I have done turkeys in the past with the leg to leg incision, but have started doing it on the last 3 birds (grouse and ducks) that I just did.
    I really like it a lot. I was doing both breast and dorsal incisions depending on the pose before but now am thinking of not doing breast incisions at all.
    Dan
     
  15. George

    George The older I get, the better I was.

    Pick a leg. Start (A) at the inside of that knee. You incision should go toward the anus (I prefer behind the anus, some like it in front) and then proceed to the inside of the opposite knee cap (B). As Tony said, the legs can be removed, cleaned, wired the manikin, injected, and posed right then allowing them to dry as the skin goes through the process. Even if that's weeks later, the feet will be done and painted before the hide is attached. No masking or cleaning feathers necessary.
     
  16. 1stturkey

    1stturkey Member

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    Okay, I'm just a hack and have done very few birds but when a dorsal incision was suggested to me I tried it and saw the advantages. What's the trade off to that and the leg to leg?
     
  17. bucksnort10

    bucksnort10 Well-Known Member

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    I am a hack too. :) But I will give you my opinion as I have a couple of spare minutes this morning.

    Some of the trade-offs are affected by whether or not you detach your legs from the skin on the dorsal incision.

    I guess it all comes down to how to take a bird before you touch it and then as easily for you put it back together correctly with the least amount of damage by you, to the bird. Sorry if that sounds short. It is not meant that way at all. But that is what I try to do on my birds. Sometimes they just fall into place and others I just fight with and they don't turn out well at all.

    But like Rich has hinted at a lot of it is personal preference. As a side note to perhaps back up his comment, I have been in (2) world champion's workshops and saw them both do birds and they both were doing breast incisions. Not saying they only do breast incisions.

    For me, it comes down to personal preference and what pose I plan on doing.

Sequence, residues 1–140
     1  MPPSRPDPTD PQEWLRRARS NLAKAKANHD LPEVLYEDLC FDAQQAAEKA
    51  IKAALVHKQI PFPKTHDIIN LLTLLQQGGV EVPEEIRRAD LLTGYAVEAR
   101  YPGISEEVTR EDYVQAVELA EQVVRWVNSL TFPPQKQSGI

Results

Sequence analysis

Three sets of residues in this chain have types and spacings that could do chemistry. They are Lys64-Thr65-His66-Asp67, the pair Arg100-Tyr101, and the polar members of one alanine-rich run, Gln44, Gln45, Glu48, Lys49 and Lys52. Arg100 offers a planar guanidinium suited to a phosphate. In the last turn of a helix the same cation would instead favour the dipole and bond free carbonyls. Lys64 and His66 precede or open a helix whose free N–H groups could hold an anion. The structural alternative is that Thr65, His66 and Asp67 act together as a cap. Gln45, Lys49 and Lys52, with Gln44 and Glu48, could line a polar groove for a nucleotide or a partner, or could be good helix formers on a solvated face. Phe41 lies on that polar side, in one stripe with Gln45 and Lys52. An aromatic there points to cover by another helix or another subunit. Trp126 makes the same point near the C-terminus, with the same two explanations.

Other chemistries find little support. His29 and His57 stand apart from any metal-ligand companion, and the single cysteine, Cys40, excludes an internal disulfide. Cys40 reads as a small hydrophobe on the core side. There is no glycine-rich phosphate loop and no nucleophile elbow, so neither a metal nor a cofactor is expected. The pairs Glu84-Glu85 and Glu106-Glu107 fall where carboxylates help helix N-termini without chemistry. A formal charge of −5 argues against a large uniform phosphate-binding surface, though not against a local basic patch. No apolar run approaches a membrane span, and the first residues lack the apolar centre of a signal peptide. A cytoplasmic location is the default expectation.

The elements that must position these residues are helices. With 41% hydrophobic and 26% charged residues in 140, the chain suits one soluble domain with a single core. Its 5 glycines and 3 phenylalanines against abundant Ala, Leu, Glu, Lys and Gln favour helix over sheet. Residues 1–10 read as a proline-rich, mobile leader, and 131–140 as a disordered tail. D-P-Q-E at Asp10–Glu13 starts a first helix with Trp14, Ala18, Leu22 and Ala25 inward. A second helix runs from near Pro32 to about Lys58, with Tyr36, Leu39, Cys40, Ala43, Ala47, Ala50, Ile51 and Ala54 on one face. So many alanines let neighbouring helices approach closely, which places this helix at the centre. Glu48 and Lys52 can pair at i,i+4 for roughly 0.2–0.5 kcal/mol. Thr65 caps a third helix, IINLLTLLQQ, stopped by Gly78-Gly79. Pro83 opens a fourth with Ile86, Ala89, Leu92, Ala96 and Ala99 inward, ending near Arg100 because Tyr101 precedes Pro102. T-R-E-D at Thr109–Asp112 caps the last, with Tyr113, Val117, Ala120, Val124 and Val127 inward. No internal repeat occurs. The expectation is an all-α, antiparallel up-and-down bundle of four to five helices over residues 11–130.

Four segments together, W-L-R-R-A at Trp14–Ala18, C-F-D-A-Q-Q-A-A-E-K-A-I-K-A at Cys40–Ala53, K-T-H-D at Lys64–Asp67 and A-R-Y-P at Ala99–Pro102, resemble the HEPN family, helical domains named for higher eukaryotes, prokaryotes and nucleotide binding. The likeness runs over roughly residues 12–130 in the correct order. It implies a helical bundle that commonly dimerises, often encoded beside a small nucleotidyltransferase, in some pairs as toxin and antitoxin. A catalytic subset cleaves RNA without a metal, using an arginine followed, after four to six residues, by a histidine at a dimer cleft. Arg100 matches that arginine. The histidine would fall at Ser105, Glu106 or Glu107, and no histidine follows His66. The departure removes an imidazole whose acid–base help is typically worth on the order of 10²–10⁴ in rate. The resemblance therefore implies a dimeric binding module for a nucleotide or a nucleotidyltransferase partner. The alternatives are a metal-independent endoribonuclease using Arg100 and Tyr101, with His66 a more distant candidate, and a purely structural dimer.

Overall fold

If a guy has an open mind and trys different methods for doing various tasks, you should quickly form an opinion on what works best for YOU.

    Good luck. Dan
     
  18. George

    George The older I get, the better I was.

    I hardly think there's a "trade off" involved. And secondly, I'm not trying to besmirch anyone's success, but I've seen more than one "champion" whose commercial/client birds looked like owl snot on a windshield. Going to someone's "seminar" is but a spit in time and likely to change when the NEXt champion is named. Common sense should prevail.

    Mounting any bird involves two separate but equally important processes: The anatomy and the skin. The leg to leg incision gives you a big leap on the anatomy part. As I explained above, it allows you to work independently of the skin and without the need for masking and cleaning paint afterwards.

    From the common sense aspect, most of us BEGINNERS (not hacks) have an issue with removing ALL fats from the skin. That too is a process that must be learned. Since there's a chance that we don't get every vestige of fat, the leg to leg is a shortstop for oil bleedthrough on your bird. In the old days with wrapped bodies, you got away with leaving a bit of fat. When it broke down under the skin, it was quickly absorbed by the wood wool and string. Voila', we invented plastic foam bodies. Now the grease puddles up and WILL LEAK DIRECTLY THROUGH TO THE FEATHERS ON A VENTAL CUT BIRD. Even with a leg to leg, smart taxidermists have long ago inserted a paper towel under the belly area "just in case".

    I've seen dorsal cuts, but again, this is not something for a beginner to attack. If you have a sitting pose, you may get away with it, but on a flyer, you're going to have to show some talent to hide a seam along a part of the body with a very scant covering of feathers. The back skin of a bird is thin to begin with and often has a thick layer of fat there to protect the vital organs of the bird from the cold while in flight. The chest/breast area will have the thicker/heavief feathers and down where seams can be hidden a bit easier. Still, hiding a seam on some birds required extra attention to detail in order for that seam line to be invisible. The leg to leg is in an area seldom observed by anyone as well as hiding any grease bleed that may occur.

    As in most every other job, you should temper any information given you by ANYONE (including me) with your own experience and talent levels. Because "we've always done it this way" is just plain stupid because in many cases that relates to "we've always done a crappy job".
     
  19. magicmick

    magicmick magicmick

    great point george